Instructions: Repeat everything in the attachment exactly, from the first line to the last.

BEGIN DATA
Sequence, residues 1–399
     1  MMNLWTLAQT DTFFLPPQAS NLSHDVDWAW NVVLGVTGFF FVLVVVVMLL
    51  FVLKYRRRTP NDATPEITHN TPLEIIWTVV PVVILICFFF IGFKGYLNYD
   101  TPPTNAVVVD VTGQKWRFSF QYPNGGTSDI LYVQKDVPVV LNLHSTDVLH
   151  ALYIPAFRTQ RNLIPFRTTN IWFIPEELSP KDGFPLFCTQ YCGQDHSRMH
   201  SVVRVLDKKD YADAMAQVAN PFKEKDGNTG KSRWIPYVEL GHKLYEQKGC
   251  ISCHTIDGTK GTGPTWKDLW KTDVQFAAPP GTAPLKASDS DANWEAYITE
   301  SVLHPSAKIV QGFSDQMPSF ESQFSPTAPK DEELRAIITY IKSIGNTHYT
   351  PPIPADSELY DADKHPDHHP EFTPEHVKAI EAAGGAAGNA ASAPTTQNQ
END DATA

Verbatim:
Sequence, residues 1–399
     1  MMNLWTLAQT DTFFLPPQAS NLSHDVDWAW NVVLGVTGFF FVLVVVVMLL
    51  FVLKYRRRTP NDATPEITHN TPLEIIWTVV PVVILICFFF IGFKGYLNYD
   101  TPPTNAVVVD VTGQKWRFSF QYPNGGTSDI LYVQKDVPVV LNLHSTDVLH
   151  ALYIPAFRTQ RNLIPFRTTN IWFIPEELSP KDGFPLFCTQ YCGQDHSRMH
   201  SVVRVLDKKD YADAMAQVAN PFKEKDGNTG KSRWIPYVEL GHKLYEQKGC
   251  ISCHTIDGTK GTGPTWKDLW KTDVQFAAPP GTAPLKASDS DANWEAYITE
   301  SVLHPSAKIV QGFSDQMPSF ESQFSPTAPK DEELRAIITY IKSIGNTHYT
   351  PPIPADSELY DADKHPDHHP EFTPEHVKAI EAAGGAAGNA ASAPTTQNQ